According to the common core state standards, students are expected to use context clues as of 3rd grade! But even earlier than that, they are expected to generate meanings of new words from sentences provided! How can we work on this skill in a speech and language way?!
Start with nonsense words using tier 1 words!
Substitute a common tier 1 word with a made u word. Can your students guess the word? How did they know? What clues in the sentence helped them? Can they identify them? Was it a description? Was it a synonym? Use the EET to help them identify what describing words helped them guess it. For example, if you give the students the following sentence “The student wrote with the yellow blah in math class. Good thing she had an eraser for her mistakes.” What clues were there?
Yellow = what it looks like
Math class = where you find it
Eraser = part
Wrote = what you use it for
Then, use nonsense words, or just cover up the words, for tier 2 or 3 words. For example, “James was blah to see an A on his science project. He did not spend much time working on it.” What could blah be? Is it something good or bad? I like to teach my students to look for these things when they don’t know a word:
-What is the sentence or story about?
-Are there any pictures to help you?
-Are there any examples of the unknown word?
-Is there a synonym or antonym used for the unknown word?
Using this strategy, students can discuss what they know: it is about a student, he did well, he didn’t think he would do well because he didn’t spend time on it, it is probably a feeling word, and what word can you use to substitute? What are some feeling words: happy, sad, angry, frustrated, surprised, worried, scared. Can any of these work?
Struggling to know when to start working on context clues and at which level? I like to use k12reader.com to help me identify the levels the students should be on. It is a good reference for what they are expected in the classroom. For each FREE activity, you are provided with grade levels and common core standards. Click HERE to jump to the context clues section of that website. You can also use Readworks.org to find passages geared towards working on vocabulary in context. Click HERE to jump to that site and see all of the passages, topics, and reading levels available.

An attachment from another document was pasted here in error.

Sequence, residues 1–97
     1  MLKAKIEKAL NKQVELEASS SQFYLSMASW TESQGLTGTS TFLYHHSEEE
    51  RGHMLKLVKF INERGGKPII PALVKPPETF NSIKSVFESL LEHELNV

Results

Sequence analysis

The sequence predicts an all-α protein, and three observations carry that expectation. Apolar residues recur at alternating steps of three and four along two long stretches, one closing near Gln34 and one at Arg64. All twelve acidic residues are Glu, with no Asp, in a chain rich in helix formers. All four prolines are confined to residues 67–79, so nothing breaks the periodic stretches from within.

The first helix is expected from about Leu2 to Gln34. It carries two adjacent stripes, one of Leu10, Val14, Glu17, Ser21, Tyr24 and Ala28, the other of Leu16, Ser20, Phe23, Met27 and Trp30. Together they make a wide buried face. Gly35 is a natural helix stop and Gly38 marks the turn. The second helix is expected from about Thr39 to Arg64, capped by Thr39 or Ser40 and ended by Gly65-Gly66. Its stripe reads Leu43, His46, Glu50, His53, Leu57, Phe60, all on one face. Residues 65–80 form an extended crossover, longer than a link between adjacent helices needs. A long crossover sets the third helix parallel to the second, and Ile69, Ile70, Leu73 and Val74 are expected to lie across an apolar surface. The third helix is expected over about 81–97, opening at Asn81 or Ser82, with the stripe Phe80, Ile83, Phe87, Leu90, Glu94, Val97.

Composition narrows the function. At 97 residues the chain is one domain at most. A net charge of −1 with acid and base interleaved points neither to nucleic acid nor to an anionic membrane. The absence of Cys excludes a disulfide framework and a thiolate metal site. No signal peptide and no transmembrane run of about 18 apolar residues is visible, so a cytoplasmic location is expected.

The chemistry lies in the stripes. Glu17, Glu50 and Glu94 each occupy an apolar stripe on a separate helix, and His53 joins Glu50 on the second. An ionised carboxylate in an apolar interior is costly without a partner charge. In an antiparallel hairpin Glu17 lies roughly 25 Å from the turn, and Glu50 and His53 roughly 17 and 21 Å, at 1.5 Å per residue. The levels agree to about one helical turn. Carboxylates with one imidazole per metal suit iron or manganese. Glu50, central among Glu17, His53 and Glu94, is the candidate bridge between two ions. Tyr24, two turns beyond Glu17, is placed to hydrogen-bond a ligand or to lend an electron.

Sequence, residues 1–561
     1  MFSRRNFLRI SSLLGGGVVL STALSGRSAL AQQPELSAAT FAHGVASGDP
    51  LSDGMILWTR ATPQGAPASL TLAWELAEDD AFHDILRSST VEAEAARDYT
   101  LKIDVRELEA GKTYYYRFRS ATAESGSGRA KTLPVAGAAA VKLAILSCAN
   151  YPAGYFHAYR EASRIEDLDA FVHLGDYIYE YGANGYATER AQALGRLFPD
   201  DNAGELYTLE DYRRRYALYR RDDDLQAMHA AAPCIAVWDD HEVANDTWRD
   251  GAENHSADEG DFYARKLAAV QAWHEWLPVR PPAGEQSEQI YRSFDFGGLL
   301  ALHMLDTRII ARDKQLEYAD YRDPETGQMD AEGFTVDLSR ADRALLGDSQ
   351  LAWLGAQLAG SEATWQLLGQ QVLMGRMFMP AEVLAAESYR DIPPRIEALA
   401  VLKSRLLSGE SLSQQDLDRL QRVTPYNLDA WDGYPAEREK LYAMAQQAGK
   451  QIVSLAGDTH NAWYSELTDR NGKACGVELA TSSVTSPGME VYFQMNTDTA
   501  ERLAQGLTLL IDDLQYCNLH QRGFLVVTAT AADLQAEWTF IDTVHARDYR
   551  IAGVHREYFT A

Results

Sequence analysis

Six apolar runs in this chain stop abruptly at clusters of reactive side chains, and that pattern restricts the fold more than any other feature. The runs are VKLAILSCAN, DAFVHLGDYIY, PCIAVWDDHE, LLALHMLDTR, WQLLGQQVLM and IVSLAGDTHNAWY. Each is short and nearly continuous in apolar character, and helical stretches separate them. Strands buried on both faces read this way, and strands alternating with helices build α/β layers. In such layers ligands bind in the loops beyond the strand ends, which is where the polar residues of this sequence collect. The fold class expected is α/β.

Once my students master figuring out or guessing unknown words, I like for them to become more confident in knowing HOW they generated that response. This can be SO tricky for them! Especially if you are using an activity that has choices, they can figure out the meaning by the choice but don’t know how they got it. Therefore, they may struggle when the choices aren’t there when they are reading independently and get to a word they do not know. I like to cover up choices for those students!
Another activity I like to have my students do is guess the hidden words of song lyrics. I know they know the words and can guess them, but can they guess other words that can fit into those slot based on the clues, words around it, and what it is all about? I always pick popular songs that have clean/appropriate lyrics, such as Taylor Swift. You can easily Google and print out any song lyric. You can even use unfamiliar songs so they don’t know the word prior.
By always displaying visually the types of clues, it helps them become familiar with it. I include a visual in all of my context clues activities on TpT for this reason. It is important for us to model “thinking about our thinking” and “thinking out loud” for our students. Show them how you generate your response, what do you say to yourself? Give them that script to follow: “I don’t know ____ word. What do I see and know for sure? I see ___, ___, and ___. I have heard of ____ words. I know this whole text is about ____. I think this word can be _____ since it has to do with _____.”
How do you work on context clues? What areas do your students struggle with the most? What resources/activities do you love to use?!